It Was a Blip
Imagine a van driving into your neighbourhood, with the driver offering free ice cream. Since it doesn’t look like an ice cream van, few are willing to trust the driver. You, however, accept the offer and are pleasantly surprised.
He returns the next day. Given your positive experience, you tell some friends to give it a try. They too like the ice cream. The following day, they bring some of their friends. The ice cream is good, and it’s still free. More people show up every day. After a while, you get so used to free ice cream, you can’t believe people elsewhere pay for it.
Now, let’s imagine that ice cream is advertising—and the van driver is Facebook. See where I’m going with this?
There was a short blip, sometime in the late ’00s, when Facebook effectively gave away advertising. That was a smart move. In freely handing out so much exposure, they built a large base of reliant companies—most of whose people decried advertising as dead. Why pay for advertising, when they could reach and engage an audience—for free—by using Facebook?
At some point, though, the new provider wants to get paid. Initially, this comes as a shock—because paying for something you used to get for free seems like a rip-off. With time, though, you once again grow accustomed to paying for exposure. So, in spite of many thinking advertising was dead, it’s actually alive and well—but delivered by a new provider.
Little of this should come as a shock. Although the name of the provider might change, the need to reach an audience remains universal. Facebook is an advertising platform, even if it appears different from ones that came before.
Meanwhile, the company’s strategy was brilliant. By giving away exposure, they likely got you to build your audience on (or migrate it to) their platform. Now, you’re entrenched. My bet is that even if you want to take your brand off Facebook, you’ll think twice. There’s no easy way to take that audience with you. After putting so much into building that following, you’re not going to throw it away too quickly.
To the point, though: the problem for marketers isn’t that Facebook is now a pay-to-play environment. (If you don’t pay, as few as 2% – 6% of your fans will see your post.) Rather, it’s that this platform is so low yield. Whether you’ve run a Like campaign, boosted a post, or run display ads, you likely witnessed the same: the engagement quality of Facebook ads is sometimes bad, and at others outright dubious.
Up to 67% of Facebook likes are suspected to be illegitimate. In 2014, Harvard University’s Facebook page’s most engaged users were located in Dhaka, Bangladesh. Likes often seem to come from phantom accounts in odd locations (e.g., likes for a local restaurant in New Jersey, from Facebook users in Thailand). And I’ve personally run campaigns with many thousands of “engagements”… but corresponding activity that could be counted on one hand.
Most marketers are at very least suspicious about certain social media activity. Few are as ready to talk about it, though. Agencies want remarkable numbers to justify their billings. CMOs want to believe that their marketing efforts are working. Meanwhile, it stands to reason that no one at Facebook wants to get in the way of the company’s profits—even if some metrics might be dubious.
All of this is a mess, because of a blip. For a short while, when the technology was nascent, a few of us got a free ride—and grew accustomed to results that weren’t sustainable. Anyone who’s present for such a blip loves the excitement and rewards of such good timing. A few lucky companies had big wins. Some personal brands exploded overnight. And some social media consultants got (pseudo) famous along the way, by talking about the “death” of advertising.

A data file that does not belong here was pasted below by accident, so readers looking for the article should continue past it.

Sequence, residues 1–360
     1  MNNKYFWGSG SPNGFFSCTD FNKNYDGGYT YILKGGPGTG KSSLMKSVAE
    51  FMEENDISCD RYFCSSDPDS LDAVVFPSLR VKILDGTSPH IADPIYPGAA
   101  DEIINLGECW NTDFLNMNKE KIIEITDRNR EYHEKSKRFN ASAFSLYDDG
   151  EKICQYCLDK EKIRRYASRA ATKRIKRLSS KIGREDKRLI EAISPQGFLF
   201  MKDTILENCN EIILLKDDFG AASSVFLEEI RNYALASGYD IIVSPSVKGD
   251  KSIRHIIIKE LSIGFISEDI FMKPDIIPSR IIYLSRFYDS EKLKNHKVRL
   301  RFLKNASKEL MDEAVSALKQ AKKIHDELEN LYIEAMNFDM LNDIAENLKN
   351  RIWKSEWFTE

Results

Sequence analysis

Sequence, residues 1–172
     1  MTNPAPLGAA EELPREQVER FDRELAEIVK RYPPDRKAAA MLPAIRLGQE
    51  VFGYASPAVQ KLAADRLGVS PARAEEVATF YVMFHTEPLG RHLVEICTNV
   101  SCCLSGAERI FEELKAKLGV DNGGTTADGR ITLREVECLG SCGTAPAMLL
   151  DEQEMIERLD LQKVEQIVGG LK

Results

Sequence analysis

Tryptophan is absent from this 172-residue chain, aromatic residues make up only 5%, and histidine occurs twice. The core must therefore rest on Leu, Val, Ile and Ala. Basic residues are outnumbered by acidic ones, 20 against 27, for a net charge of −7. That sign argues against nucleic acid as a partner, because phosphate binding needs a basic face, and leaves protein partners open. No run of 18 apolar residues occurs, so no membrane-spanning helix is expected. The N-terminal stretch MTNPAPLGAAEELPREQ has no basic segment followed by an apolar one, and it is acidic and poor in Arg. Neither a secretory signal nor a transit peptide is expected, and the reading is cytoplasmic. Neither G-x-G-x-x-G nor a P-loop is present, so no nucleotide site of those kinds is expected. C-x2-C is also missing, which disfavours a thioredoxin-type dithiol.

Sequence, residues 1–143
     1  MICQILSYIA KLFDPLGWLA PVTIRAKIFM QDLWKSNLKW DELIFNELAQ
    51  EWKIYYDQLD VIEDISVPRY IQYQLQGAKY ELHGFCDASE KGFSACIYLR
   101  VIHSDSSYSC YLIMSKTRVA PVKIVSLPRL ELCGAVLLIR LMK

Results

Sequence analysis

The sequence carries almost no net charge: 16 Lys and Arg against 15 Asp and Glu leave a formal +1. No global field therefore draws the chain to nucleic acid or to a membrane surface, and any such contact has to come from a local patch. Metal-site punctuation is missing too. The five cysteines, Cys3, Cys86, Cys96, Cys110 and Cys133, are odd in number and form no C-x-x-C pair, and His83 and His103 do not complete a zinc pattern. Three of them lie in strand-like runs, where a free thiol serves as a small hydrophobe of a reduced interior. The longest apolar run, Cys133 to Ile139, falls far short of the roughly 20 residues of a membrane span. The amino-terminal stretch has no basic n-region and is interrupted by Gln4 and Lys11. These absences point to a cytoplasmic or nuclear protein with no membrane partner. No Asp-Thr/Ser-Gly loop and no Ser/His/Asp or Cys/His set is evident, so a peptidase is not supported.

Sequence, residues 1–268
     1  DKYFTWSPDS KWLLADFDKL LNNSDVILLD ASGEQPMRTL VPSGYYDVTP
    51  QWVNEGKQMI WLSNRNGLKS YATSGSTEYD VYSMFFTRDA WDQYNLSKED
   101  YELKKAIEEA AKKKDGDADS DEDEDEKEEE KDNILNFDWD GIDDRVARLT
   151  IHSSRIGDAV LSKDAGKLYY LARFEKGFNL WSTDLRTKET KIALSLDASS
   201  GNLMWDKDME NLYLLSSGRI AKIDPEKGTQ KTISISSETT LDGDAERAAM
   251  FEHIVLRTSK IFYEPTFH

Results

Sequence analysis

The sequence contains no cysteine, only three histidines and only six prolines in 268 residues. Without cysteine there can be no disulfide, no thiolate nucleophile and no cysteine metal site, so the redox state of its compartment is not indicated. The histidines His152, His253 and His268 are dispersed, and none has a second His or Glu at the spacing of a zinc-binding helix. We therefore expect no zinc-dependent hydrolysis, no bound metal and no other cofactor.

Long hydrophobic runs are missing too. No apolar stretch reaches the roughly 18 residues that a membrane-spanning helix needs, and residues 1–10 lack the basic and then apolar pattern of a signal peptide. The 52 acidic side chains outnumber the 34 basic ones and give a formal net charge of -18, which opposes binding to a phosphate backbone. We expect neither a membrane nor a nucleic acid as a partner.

However, as a medium/platform matures, such expectations become less realistic. Once the opportunity is recognized and documented, everyone wants in on the same good thing. As usage increases, novelty typically wanes and audience interest tends to diminish. Meanwhile, things like click farms and fake users emerge—so everyone can experience a bit of the same “success.”
Fact is, though, some opportunities just don’t last. Now, if you were one of the first brands to use Facebook, you likely benefitted disproportionately from doing so. However, if you were the 10,000th, your gains probably weren’t as remarkable. Building a huge following on Facebook now? That’s a pay-to-play game at best, and one that requires you to keep paying to interact with your audience. (I argue that this makes such an exercise largely foolish.)
Of course, by now Facebook is sort of old news. Today, we have Instagram (owned by Facebook), Snapchat, Periscope, and a number of other social networks in which you can build your brand. The story is mostly the same for all of these, though: marketers know the opportunity these networks present. As such, each of these scenes gets crowded fast. Sure, there will be others. That said, I don’t think you should bank on any of them.
Instead, I encourage you to consider less obvious means of engaging your audience. Remember that the best opportunities in social media came when most people didn’t take it seriously. So, perhaps you need to consider which avenues marketers don’t take seriously now.
I’ll write more about how to do so in future posts. For now, though, I just want to remind you that blips are interesting, but hardly ever predictable or dependable. So, stop wondering why your social media efforts aren’t paying out as you wish they would (because they probably aren’t for anyone). Instead, remind yourself that marketing is a long-haul exercise that has more to do with how you interact with users/customers/fans than your like/follower count.
I’m @karj and the above is just my opinion. Looking for more? Here’s a full list of articles and information on my books. This is what I’m doing now, and what I don’t do. I’d love it if you tried Emetti on your website!